I am the girl who loves juggling the beautiful colored balls. See them now, way up in the air. The big red ball. The little yellow ball. The sparkling silver ball. My favorite, the blue ball with white stripes. See me juggling. They are all in the air, spinning, around and around. We are moving. We are alive. It's magic. Beautiful.
I am also the girl who loves the moment when all the beautiful colored balls fall to the old wooden floor, with the last bits of sunlight shining desperately under the blue curtains, the balls still spinning, rolling to a stop under the table, behind the bookcase, next to the five-panel door. A tiny beautiful moment. But then, quickly, before the anxiety sets in, I want the balls back in the air.
I like the juggling more than the stopping. But just for this week, I'm going to let all my juggling balls sit there on the floor and I'm going look at this beautiful moment and resist the urge to put them all back into the air. It's tricky.
THE PRINCIPLES OF UNCERTAINTY
I read a book this week. In truth, I reread a book. For me, that's quite remarkable.
I reread The Principles of Uncertainty. It's a picture book, really. A picture book for grownups. Maira Kalman writes and paints. She feels anguish and pain and thinks about Dostoevsky's epilepsy and alcoholism and gambling addiction and chronic debt. She shares with us, her readers, paintings she makes of people she sees in New York and beautiful food and surprising hats. I like her best when she wearies of thinking and suggests a trip to Paris instead.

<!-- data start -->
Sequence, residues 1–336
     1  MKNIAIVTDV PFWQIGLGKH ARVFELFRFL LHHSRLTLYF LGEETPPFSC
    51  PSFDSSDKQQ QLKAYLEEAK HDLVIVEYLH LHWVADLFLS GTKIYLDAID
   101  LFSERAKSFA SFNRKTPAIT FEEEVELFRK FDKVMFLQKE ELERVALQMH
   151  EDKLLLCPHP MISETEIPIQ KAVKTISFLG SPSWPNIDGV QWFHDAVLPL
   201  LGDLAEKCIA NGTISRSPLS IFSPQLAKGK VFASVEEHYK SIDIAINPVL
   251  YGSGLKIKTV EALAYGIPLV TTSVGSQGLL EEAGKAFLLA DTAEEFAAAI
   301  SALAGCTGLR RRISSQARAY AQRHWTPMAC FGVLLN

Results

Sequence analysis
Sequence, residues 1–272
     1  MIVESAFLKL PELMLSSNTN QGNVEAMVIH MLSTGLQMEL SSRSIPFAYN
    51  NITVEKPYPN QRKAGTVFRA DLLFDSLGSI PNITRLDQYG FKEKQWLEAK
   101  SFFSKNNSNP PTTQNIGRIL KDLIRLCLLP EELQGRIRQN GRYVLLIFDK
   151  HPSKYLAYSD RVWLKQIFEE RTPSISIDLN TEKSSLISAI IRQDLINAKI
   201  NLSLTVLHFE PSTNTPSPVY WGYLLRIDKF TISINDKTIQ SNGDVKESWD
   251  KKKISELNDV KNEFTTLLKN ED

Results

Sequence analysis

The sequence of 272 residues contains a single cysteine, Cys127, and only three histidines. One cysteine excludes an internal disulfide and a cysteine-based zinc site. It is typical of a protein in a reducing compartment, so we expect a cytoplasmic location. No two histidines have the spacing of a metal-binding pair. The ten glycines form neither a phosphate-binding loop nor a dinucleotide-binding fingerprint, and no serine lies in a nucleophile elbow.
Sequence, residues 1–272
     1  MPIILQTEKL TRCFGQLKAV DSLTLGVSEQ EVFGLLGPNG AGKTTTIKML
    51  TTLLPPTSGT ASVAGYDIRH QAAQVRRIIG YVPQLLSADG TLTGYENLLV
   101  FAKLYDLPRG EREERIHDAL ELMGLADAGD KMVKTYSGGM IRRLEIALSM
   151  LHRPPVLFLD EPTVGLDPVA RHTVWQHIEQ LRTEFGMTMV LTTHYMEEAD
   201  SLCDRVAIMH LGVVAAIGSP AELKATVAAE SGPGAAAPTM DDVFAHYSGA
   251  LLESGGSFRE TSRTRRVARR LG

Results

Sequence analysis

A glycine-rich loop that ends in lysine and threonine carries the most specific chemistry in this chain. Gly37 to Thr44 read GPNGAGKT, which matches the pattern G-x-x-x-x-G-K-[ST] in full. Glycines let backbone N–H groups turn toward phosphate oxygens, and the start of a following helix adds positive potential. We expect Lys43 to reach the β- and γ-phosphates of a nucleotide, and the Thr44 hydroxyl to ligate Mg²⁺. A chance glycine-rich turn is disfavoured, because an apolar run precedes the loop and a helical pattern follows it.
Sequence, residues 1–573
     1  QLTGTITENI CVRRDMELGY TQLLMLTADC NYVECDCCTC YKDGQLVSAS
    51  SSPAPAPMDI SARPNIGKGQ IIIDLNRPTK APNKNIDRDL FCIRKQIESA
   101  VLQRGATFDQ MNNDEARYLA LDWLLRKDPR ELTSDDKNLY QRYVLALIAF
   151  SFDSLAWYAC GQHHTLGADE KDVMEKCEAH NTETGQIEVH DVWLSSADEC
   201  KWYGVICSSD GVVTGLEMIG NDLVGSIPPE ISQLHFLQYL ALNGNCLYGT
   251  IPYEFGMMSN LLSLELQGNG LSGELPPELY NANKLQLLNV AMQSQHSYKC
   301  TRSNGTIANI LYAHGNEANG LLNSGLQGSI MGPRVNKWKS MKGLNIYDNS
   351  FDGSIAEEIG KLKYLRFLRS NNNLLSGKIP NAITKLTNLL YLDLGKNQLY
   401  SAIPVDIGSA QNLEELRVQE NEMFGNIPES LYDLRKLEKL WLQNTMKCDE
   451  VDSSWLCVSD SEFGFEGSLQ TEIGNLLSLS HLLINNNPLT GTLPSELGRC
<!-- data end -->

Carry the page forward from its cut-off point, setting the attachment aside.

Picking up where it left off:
Maira Kalman is really good at looking at all the beautiful juggling balls that have fallen on the old wooden floor, with the last bits of sunlight shining desperately under the blue curtains. She looks at each juggling ball carefully, and points out the little crack in the big red ball and wonders if it got the crack when the cat was batting the red ball around the dining room. Kalman notes that the little yellow ball stopped next to the five-panel door and shares with us the story that the five-panel door was scavenged from a construction site where workmen were using a wrecking ball on an old Victorian home in downtown Houston. We like knowing that. She tells us that the silver ball is slightly lopsided, but that, too, seems to be okay. She also likes best the blue ball with the white stripes and that is satisfying.
Maira Kalman, unlike me, seems to be able to look for hours and hours at these beautiful balls on the floor, reflecting on the way the final bits of sunlight fall on the shiny silver ball, questioning what might happen if a husband might step on the yellow ball in the night on his way to the bathroom, remarking on the beauty of the scar in the old wooden floor where someone once dropped an iron. And, if things get too anxious and tense, there is always Paris.
It is nice, sometimes, to sit and look at the juggling balls, still on the wooden floor.